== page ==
- In 2001, the Swedish pop rock band Lambretta released a song called "Bimbo".
- In 2012, Bridgit Mendler used the word bimbo in the song "Forgot to Laugh".
- In 2012, Every Time I Die released a song called "Underwater Bimbos from Outer Space".
- A beauty contest game called Miss Bimbo is an online game in which players attempt to use virtual characters to win contests, earn IQ points and impress virtual boys, through makeovers, clothing, exercise, and the purchase of operations such as facelifts and breast implants. Although the game itself does not promote such activities in real life and is often viewed as a parody, it has received condemnation in the media from parent groups, especially in Europe.
- The term "'mimbo", to mean a male bimbo, was first coined in the episode "The Stall" of American sitcom Seinfeld. in the context of Elaine Benes's boyfriend, Tony (Dan Cortese).
- In The Amazing World of Gumball's season 2 episode "The Storm", Gumball tells Carmen he isn't a "cheap, reliable bimbo". However, only in the United States dubbing was this word replaced with "coward" despite the closed captions exposing the word when on.
In American politics, the word was used in the 1990s during Bill Clinton's sexual misconduct allegations, leading to the invention of the term "Bimbo eruptions" to refer to political sex scandals. The expression was also used in a 2014 report  in which Colin Powell explained his reluctance to vote for Hillary Clinton in light of her husband's continued affairs with "bimbos".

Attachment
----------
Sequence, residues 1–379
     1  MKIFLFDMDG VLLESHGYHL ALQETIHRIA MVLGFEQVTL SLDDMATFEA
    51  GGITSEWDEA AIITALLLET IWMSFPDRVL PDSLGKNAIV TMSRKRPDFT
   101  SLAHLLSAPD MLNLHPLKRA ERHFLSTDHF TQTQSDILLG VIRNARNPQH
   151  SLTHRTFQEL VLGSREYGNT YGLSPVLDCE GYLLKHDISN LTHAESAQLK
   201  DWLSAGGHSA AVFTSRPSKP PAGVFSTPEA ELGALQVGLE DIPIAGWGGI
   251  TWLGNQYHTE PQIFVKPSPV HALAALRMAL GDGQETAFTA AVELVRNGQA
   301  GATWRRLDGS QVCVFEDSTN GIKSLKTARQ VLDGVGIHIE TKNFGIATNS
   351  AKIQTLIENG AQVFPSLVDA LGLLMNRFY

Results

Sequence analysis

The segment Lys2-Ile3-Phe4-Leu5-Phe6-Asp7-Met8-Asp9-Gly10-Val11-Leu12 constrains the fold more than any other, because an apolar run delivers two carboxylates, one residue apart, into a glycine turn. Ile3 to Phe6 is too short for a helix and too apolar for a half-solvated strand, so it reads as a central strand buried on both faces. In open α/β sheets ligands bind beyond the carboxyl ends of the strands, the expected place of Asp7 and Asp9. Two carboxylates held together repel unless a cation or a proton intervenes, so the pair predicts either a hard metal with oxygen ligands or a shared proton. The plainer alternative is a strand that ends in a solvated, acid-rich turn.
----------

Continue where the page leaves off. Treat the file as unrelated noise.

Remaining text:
After the first 2015 Republican Presidential Debate, Donald Trump re-tweeted a message calling debate moderator and Fox News host Megyn Kelly a "bimbo" via Twitter. This took place after Kelly asked Trump a question that referenced his television show The Apprentice[better source needed] from season 6 in 2005[better source needed] Shortly afterwards, Stephen Richter of The Globalist published an opinion piece in which he accused Trump of being a bimbo, noting the original definition of bimbo as 'an unintelligent or brutish male'.
This article needs additional citations for verification. (August 2016) (Learn how and when to remove this template message)
- A bimbo is a woman who is not pretty enough to be a model, not smart enough to be an actress, and not nice enough to be a poisonous snake.--P.J.O'Rourke
- · 2004: Fey [...] makes hay with the thought processes of a purebred bimbo — The New Yorker, 10 May 2004.
(stupid or foolish person):
- She is the first doll to prove that you can be sexual and beautiful but not a bimbo.
- · 1960, P. G. Wodehouse, Jeeves in the Offing, chapter III: